Easter Octave Happenings

Some of you know that the Easter Sequence can be used at Masses for the first week of Easter. At our Thursday night student Mass, a request came down to sing it. The student leader was unfamiliar with the plainsong, which, of course, is lovely when done well. I knew she would be more at ease improvising something, and with the English text. So the flute player and I came up with a musical background in the lydian mode. Our final result was an extended “mood” for flute and piano, and Elise started singing when she felt comfortable we had played long enough. Then we finished up our adventure in C-lydian and went straight in to Howard Hughes’ “Joyful Alleluia.” I just love that piece. Seven-Eight time is just perfectly jaunty.

It was interesting that the priest and the student planners opted to use incense for this Mass, but selected a Kyrie over a Sprinkling Rite.

On another front, a parishioner emailed me wondering about Sunday’s song choices. Nothing of Easter, she protested. And if we were looking for selections from the Easter section of Gather Comprehensive, she was right. Haugen-Alford’s “We Walk By Faith.” David Haas’s “Without Seeing You,” which we usually reserve for Easter. But its verses come from all over the Biblical map. Psalm 118, of course. But these pieces don’t have the resonance with the Easter Season. All this was topped by the bulletin cover which reminded parishioners of the Fifty Days of Easter–and it was quoted back to me. Paul Ford muses about it at PrayTell, I see. By some accounts, I’ve failed Easter Octave–do I have a prayer for Fifty Days? Time will tell. What about you readers?

About catholicsensibility

Todd lives in Minnesota, serving a Catholic parish as a lay minister.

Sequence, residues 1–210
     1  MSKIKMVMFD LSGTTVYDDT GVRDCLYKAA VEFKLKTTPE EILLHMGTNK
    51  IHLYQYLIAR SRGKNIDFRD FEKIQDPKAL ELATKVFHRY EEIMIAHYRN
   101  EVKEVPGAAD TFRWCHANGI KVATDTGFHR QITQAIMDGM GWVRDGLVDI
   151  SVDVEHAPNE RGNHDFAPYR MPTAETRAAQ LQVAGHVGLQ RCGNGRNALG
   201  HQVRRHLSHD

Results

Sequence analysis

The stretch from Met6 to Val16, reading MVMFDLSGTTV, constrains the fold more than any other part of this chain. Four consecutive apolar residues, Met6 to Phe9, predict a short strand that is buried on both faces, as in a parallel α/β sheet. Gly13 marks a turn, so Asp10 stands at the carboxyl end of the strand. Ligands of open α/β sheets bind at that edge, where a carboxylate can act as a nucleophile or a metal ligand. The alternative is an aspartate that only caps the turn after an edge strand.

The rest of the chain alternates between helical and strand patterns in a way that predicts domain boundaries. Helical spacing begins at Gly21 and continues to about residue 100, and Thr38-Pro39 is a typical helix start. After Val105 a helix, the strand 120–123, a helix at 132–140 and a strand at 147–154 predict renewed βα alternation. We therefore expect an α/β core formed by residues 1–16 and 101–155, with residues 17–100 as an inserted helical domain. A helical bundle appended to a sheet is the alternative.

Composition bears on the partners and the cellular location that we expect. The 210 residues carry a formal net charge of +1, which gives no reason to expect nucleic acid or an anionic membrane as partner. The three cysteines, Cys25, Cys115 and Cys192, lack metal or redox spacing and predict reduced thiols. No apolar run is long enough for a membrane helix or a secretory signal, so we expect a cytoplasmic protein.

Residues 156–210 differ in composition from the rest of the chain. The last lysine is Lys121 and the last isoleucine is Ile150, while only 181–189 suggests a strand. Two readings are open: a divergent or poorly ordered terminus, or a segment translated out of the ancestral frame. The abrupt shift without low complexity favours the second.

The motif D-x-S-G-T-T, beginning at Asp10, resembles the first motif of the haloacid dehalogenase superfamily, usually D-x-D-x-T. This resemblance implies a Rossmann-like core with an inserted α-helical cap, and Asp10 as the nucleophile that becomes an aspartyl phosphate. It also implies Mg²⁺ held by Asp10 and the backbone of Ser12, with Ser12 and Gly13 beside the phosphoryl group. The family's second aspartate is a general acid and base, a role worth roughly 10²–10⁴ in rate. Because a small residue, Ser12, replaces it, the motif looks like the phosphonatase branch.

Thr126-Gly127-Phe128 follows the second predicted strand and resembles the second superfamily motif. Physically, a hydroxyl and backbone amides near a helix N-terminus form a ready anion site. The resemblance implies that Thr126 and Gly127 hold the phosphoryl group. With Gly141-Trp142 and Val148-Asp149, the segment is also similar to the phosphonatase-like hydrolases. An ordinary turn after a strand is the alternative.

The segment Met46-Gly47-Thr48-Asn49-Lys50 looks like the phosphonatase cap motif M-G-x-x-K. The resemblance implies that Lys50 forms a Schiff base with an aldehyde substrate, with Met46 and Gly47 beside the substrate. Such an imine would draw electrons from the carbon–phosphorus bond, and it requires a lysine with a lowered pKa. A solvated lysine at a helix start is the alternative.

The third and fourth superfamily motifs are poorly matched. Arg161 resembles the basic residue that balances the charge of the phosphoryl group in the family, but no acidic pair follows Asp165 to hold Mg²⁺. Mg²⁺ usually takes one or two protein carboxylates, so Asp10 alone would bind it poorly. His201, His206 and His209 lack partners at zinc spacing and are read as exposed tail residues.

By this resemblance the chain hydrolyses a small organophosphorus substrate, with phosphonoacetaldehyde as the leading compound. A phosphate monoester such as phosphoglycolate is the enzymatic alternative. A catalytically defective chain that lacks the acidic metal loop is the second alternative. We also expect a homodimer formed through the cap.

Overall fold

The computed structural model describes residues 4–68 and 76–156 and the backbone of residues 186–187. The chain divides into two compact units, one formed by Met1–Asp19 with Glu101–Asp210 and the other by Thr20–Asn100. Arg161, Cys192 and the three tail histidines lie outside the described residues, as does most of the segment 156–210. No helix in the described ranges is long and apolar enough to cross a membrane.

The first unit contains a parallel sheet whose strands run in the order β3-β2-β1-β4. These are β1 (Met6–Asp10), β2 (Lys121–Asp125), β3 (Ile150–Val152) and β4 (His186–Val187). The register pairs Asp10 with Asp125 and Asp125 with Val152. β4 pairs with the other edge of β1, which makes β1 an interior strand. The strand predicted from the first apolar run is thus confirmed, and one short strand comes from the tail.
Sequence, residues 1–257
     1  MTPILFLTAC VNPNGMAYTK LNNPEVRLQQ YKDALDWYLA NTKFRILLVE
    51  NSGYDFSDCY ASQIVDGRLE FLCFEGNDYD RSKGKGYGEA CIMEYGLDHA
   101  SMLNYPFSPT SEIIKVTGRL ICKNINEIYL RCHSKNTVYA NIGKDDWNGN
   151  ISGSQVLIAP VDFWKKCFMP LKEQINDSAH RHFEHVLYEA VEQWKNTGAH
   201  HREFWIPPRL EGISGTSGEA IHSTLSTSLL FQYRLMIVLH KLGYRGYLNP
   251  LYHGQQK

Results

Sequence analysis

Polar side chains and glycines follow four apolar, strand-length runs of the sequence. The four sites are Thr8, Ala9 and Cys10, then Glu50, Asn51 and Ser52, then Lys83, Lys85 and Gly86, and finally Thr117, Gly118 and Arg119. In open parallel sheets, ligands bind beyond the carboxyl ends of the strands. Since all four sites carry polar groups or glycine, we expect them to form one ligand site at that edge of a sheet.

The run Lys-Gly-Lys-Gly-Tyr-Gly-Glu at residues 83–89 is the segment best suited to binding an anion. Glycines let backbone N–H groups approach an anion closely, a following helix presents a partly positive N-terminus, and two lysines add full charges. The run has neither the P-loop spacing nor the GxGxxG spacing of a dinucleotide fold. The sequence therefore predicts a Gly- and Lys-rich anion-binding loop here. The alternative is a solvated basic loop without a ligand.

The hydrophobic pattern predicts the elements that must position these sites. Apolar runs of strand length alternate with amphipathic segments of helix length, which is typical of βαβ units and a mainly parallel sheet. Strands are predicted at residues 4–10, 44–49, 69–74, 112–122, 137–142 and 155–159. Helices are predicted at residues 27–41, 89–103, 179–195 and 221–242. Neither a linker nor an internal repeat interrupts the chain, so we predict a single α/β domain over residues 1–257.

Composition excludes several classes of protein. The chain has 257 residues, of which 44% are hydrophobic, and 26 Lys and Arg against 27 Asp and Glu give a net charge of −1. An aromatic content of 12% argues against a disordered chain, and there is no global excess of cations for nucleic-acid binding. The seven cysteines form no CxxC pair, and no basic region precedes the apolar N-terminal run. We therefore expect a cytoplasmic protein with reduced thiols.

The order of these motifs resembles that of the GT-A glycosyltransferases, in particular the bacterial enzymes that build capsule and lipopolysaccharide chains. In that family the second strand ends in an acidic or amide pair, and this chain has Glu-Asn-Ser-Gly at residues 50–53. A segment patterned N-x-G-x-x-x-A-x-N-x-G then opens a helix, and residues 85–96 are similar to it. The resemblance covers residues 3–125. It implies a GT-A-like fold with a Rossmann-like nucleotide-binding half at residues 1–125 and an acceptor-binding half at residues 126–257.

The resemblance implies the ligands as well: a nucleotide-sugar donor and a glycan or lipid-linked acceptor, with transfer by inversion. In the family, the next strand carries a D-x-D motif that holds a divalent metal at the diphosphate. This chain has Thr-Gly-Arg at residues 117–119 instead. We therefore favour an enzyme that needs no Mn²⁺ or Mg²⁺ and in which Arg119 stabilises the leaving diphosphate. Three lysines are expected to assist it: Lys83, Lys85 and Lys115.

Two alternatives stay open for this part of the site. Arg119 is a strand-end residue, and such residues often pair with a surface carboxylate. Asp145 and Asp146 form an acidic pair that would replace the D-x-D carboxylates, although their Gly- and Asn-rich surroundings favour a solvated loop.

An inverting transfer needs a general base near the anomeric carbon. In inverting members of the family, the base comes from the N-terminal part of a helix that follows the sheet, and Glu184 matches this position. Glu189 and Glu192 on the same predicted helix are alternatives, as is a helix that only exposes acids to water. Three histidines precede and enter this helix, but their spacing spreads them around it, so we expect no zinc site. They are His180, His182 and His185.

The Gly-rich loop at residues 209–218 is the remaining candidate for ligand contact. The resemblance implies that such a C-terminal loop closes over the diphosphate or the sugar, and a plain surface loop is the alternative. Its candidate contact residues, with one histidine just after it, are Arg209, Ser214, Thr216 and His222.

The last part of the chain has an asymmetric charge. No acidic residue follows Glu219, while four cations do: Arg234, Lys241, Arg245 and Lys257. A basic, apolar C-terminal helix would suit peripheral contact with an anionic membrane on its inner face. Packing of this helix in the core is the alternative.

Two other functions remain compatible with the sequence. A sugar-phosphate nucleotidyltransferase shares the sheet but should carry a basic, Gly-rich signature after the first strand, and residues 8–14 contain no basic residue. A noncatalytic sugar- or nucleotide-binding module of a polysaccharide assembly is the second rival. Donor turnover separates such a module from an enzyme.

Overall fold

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4 Responses to Easter Octave Happenings

  1. Liam says:

    Well, if using hymnody, the Second Sunday of Easter merits being treated as if it were Easter Day in terms of “this day” type of texts and oodles of alleluias; the two hymn texts you cite, while certainly in sympathy with the Gospel pericopes of the day, lack the *irrepressible* energy that should be present (which one can even see in the relatively short propers – Gradual and Missal versions both – just by tacking on that irrepressible alleluia – doing that to such a short text amplifies it greatly). Generally, the first three weeks are oriented toward the Resurrection event, then there is a pivot around Good Shepherd Sunday in the middle, and we start to look forward towards Ascension and Pentecost.

  2. Have faith, old friend, there’s always hope! And besides your beloved and the young miss, you’ll always have the filial love of Liam ‘n’ moi!
    I was going to cite you in Paul’s thread at PTB, but I ran outta allowable figures! And Gerard Flynn rejoiced!

  3. Ken Macek says:

    Sorry to jump in self-referentially with my Easter Introits collection, but we pull out the Easter Sunday piece “I Have Risen” as a go-to Communion processional (or extender) throughout the season (seems appropriate to repeat the mantra-like “I have risen, and I am always with you, Alleluia!” as often as possible until Pentecost). Our introduction to the collection encourages occasional liturgical use of the selections outside of their intended Introit/Entrance use as a means of getting the texts into minds and hearts, and, pretty-much-needless-to-say, that is the only thing that the erstwhile ‘one brick at a time’ commentators chose to focus on, as “evidence” that GIA apparently is ignorant of the fact that Propers exist for Offertory + Communion. Typical…

  4. Ken Macek says:

    I’m with you all the way on wishing that DH had written more Easter appropriate verse texts for “Without Seeing You”. I’ll bet that if he wrote that tune today, we would see verse text alluding to Thomas, to Emmaus… we sang it Sunday and tried to stay with fairly generic verses, avoiding the heavily-Lenten verse 1 (tears and ashes) at all costs!

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